A SinoVac lab employee works at a factory producing its Sars-CoV-2 vaccine in Beijing on September 24. Plans to rely on herd immunity to contain the spread of Covid-19 would require more than 5 billion people worldwide to have had the infection before it would take effect. Photo: AP A SinoVac lab employee works at a factory producing its Sars-CoV-2 vaccine in Beijing on September 24. Plans to rely on herd immunity to contain the spread of Covid-19 would require more than 5 billion people worldwide to have had the infection before it would take effect. Photo: AP
A SinoVac lab employee works at a factory producing its Sars-CoV-2 vaccine in Beijing on September 24. Plans to rely on herd immunity to contain the spread of Covid-19 would require more than 5 billion people worldwide to have had the infection before it would take effect. Photo: AP
Soumya Swaminathan
Opinion

Opinion

Soumya Swaminathan

Without a vaccine, chasing herd immunity to stop coronavirus is doomed to fail

  • To achieve herd immunity for Covid-19, at least 60 to 70 per cent of the global population would need to have had the infection, which, without a vaccine, may take years
  • Until we have an effective vaccine, we have to outsmart this virus by understanding where and how it spreads and not giving it a chance to do so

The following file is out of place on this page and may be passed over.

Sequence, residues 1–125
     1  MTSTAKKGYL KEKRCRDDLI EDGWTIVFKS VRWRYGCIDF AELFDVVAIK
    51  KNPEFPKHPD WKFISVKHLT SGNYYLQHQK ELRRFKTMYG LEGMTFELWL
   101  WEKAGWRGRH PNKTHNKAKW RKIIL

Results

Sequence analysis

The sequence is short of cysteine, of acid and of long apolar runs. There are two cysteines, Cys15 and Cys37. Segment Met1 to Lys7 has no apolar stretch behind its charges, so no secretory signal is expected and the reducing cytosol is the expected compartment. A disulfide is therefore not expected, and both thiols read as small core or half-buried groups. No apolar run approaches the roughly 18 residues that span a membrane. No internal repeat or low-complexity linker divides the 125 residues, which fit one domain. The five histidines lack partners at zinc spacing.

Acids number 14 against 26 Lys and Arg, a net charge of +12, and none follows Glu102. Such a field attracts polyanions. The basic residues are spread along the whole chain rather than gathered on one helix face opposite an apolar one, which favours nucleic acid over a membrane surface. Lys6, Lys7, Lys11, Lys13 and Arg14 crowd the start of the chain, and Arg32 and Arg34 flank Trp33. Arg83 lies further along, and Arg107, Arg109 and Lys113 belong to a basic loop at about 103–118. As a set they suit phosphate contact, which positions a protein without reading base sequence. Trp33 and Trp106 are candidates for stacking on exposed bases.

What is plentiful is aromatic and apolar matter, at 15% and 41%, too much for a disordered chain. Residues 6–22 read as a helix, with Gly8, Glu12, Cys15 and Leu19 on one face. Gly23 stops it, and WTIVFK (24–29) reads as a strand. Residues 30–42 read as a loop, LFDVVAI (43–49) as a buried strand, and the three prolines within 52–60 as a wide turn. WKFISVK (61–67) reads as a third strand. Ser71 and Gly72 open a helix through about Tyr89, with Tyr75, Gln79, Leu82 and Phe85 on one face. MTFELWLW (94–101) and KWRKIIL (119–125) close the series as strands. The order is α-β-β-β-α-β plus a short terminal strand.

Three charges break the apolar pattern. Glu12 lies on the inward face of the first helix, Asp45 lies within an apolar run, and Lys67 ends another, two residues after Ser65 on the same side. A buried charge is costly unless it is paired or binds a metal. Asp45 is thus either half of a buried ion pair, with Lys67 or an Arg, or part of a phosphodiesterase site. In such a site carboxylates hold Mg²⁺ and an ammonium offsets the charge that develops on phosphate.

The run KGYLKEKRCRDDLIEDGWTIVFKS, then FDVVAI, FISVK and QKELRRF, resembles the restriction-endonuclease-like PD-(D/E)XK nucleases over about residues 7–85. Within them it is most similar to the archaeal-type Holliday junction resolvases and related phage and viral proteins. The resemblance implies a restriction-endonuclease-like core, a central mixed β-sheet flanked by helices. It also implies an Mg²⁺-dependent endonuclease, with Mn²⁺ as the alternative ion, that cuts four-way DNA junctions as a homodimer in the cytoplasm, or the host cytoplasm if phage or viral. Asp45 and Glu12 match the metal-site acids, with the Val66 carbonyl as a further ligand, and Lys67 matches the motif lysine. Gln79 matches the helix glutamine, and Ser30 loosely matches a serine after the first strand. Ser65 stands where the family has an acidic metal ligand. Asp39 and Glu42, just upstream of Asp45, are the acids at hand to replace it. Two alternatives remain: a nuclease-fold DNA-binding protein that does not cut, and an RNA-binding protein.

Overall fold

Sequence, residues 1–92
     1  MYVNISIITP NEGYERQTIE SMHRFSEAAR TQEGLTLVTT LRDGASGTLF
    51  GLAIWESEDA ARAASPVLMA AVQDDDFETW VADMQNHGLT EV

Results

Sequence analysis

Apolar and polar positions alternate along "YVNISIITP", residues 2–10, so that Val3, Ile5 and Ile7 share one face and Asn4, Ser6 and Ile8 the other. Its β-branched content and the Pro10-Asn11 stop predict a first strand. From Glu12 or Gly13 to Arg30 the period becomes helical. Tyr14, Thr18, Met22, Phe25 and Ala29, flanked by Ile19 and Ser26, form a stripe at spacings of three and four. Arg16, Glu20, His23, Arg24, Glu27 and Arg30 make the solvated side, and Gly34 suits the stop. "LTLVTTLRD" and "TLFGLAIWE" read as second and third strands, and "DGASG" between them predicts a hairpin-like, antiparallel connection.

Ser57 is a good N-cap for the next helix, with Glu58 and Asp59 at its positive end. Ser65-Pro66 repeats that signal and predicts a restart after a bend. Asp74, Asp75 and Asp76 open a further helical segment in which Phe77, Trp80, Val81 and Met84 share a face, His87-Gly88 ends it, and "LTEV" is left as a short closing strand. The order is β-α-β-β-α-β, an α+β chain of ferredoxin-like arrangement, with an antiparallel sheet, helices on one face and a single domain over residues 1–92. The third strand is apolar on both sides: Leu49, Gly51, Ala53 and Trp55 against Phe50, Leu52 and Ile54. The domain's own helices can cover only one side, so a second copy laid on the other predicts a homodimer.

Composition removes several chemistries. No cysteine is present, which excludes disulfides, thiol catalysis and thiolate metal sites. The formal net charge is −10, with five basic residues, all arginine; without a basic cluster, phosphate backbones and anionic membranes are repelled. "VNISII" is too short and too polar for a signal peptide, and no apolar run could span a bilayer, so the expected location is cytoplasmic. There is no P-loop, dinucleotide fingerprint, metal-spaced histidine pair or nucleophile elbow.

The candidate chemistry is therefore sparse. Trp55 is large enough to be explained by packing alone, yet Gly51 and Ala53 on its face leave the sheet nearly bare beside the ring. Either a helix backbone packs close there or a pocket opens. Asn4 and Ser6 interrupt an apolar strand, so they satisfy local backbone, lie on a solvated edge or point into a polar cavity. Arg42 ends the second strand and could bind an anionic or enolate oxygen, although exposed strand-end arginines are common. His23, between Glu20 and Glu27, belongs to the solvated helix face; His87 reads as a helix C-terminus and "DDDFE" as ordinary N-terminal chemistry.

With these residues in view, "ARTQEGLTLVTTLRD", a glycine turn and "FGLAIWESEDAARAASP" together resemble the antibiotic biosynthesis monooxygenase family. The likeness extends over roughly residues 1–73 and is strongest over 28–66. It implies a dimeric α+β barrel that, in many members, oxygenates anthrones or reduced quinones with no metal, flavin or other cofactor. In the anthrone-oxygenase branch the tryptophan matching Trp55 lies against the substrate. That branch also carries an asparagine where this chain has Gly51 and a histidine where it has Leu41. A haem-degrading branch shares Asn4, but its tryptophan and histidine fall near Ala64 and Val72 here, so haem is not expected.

A SinoVac lab employee works at a factory producing its Sars-CoV-2 vaccine in Beijing on September 24. Plans to rely on herd immunity to contain the spread of Covid-19 would require more than 5 billion people worldwide to have had the infection before it would take effect. Photo: AP A SinoVac lab employee works at a factory producing its Sars-CoV-2 vaccine in Beijing on September 24. Plans to rely on herd immunity to contain the spread of Covid-19 would require more than 5 billion people worldwide to have had the infection before it would take effect. Photo: AP
A SinoVac lab employee works at a factory producing its Sars-CoV-2 vaccine in Beijing on September 24. Plans to rely on herd immunity to contain the spread of Covid-19 would require more than 5 billion people worldwide to have had the infection before it would take effect. Photo: AP
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